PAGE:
Why Kenya's AFCON race is not done until fat lady FIFA sings
Why Kenyaâs AFCON race is not done until fat lady FIFA sings By Bethuel Oduo: 164 Friday, November 2nd 2018 at 11:00 GMT +3 | Football
A day after Kenya played Ethiopia, the media was awash with praise for the national football team.
Most media outlets went on to publish âabsurdâ declarations, proclaiming how finally our soccer was back on track.
Leading newspapers carried exciting images taken inside the stadium, with our politicians literally doing a Maasai jump at the VIP stand. These politicians, clad in national team colours, thought Kenya had qualified for the Africa Cup of Nations (A fcon) 2019.
Unknown to the waheshimiwa, our qualification was to be determined by the fate of Sierra Leone. I blame it all on local organisers for not providing waheshimiwa with the right information.
Often, whenever a VIP is to attend such a significant event, it is upon the organisers to âfeedâ them with accurate information so that they can appreciate the outcome of the contest they are presiding over.
Huyu ndiyo Oliech?
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On that day, however, the body language of a retinue of VIPs would have put any doubters and haters to shame. To them, Kenya had qualified for Afcon. Any contrary interpretation would have been repelled.
Since entry into the stadium was saree, the venue was packed to the brim. Most of the spectators were setting foot on the facility for the first time. Others were seein g Harambee Stars for the first time; the sort of fans who would point at Ismael Gonzalez and ask, âMazee huyu ndiyo Oliech?â
As true Kenyans â" or what our politicians call âthe Kenyan peopleâ â" all and sundry responded to a resounding patriotic call to support our nation.
Sometimes we take our fake patriotism too far, and our leaders are the worst when it comes to shedding fake tears.
Then followed pledges, promises of training abroad and loads of cash for the mboys.
Truth is that our chances of appearing at Afcon remain unknown until Fifa clears Sierra Leone, which means Ghana can still beat us to the tape. What shall we tell DP William Ruto and all the wadosi who were jumping up and down in the VVIP cubicle at Kasarani?
It would have been wise to advise them to tone down their excitement because it is not over until the fat lady sings. The fat lady in this case is FIFA. It appears nobody told them that our fate was not determined by that lone match against Ethiopia.
In qualifiers like Afcon and World Cup, it is safer to closely monitor the performance of all teams in your group to gauge your chances of topping the table. In other cases, organisers require play-offs amongst the best losers. The winner is then enjoined in the group of table toppers.
There are also cases when all teams are on a dead-rubber situation, where the winner is determined by the number of goals scored or conceded. Lastly, we have unfortunate cases where the winner is picked depending on the number of red cards or yellow cards picked during the tournament or qualifiers.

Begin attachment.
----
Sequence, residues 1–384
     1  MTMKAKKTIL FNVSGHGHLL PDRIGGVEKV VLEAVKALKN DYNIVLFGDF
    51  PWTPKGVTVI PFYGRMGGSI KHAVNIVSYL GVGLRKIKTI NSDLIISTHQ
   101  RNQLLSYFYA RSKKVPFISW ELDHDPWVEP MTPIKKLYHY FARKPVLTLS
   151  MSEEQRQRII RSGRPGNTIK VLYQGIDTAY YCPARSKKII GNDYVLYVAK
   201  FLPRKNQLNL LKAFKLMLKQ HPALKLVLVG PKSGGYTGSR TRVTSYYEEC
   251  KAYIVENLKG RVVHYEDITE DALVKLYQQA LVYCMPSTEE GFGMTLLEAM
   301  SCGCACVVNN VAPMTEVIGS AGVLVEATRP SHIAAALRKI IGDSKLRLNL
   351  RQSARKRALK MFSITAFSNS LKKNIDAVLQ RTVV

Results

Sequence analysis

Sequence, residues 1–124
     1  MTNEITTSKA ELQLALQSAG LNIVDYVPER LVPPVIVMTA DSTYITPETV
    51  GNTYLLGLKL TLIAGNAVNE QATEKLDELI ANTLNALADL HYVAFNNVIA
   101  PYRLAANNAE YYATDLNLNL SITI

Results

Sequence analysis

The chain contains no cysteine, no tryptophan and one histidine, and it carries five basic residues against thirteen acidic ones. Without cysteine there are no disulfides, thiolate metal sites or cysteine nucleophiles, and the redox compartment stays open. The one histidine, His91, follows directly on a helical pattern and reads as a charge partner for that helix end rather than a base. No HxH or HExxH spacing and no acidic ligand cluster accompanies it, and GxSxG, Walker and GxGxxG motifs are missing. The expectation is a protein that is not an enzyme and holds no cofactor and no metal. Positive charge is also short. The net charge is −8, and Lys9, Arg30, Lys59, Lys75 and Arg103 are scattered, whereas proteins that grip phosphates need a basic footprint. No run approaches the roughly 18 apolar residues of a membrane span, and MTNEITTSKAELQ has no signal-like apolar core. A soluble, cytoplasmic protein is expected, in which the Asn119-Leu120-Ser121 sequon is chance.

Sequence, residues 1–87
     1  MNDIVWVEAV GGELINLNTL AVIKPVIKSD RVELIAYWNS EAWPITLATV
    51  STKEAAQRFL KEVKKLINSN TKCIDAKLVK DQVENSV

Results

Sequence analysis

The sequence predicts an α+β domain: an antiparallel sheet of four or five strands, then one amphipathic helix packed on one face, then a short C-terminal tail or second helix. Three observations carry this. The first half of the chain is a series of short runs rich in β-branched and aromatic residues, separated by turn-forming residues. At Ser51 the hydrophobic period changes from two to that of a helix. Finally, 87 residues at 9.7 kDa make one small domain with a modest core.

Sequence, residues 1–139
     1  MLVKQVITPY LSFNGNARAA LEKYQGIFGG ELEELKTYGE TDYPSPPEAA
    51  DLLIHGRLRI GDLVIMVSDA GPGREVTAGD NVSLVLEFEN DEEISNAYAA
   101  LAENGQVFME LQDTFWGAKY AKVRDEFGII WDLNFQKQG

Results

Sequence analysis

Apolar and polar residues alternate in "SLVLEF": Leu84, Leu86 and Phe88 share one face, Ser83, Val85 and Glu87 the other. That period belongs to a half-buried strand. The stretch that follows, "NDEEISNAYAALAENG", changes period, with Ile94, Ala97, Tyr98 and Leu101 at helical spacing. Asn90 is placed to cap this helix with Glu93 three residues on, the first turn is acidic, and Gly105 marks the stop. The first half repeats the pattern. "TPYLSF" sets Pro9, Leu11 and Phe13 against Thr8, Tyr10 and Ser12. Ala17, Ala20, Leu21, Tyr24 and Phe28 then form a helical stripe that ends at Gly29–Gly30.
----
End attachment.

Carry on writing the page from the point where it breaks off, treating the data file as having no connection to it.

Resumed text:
I am sure some of the first-timers who were at Kasarani that evening only think that in situations where there is a tie, penalties are the only option.
I remember the days when Baba Moi used to attend football matches. Whenever he arrived, he would order organisers to open the gates and let the fans in for free. People assumed he was generous and free-spirited. Others thought that as a politician, he cherished having the crowd around him.
One day, he did that and Nyayo Stadium was packed to the rafters. Gor Mahia were playing a team from Togo. As usual, KâOgalo were in their green jerseys and the visiting team in red. Moi arrived atop the presidential limousine waving at fans from the Mercâs sunroof. His outriders cruised into the stadium and did one lap of honour around the athletic track. Immediately, the gates were opened and all the walala hoi or hoi polloi poured into the stadium.
I found myself squeezed between two people who were not your typical football fan. They happened to be passing by Langâata Road when they heard about the Moi windfall. They realised Gor Mahia was playing, but being strangers, they were not familiar with the team jersey colours.
To confirm, when they sat down, one asked me which teams were playing. I told him it was Gor Mahia vs Entente Deux FC of Togo. To put it in Kiswahili; âKina nani wanacheza?â I answered, âNi timu kutoka Togo na Gor Mahiaâ. He continued: âGor Mahia ndiyo wamevaa red?â I told him, âHapana, wamevaa green yao ya kawaidaâ. I thought he would stop there, until he dropped the most idiotic question: âNa hiyo timu ya Togo, wamevaa colour gani?!â You can guess my answer to that journeyman of a soccer fan.
I can assure you they were many at Kasarani when we played Ethiopia, no wonder they thought Harambee Stars had finished the job.Related Topics: Harambee Stars AFCON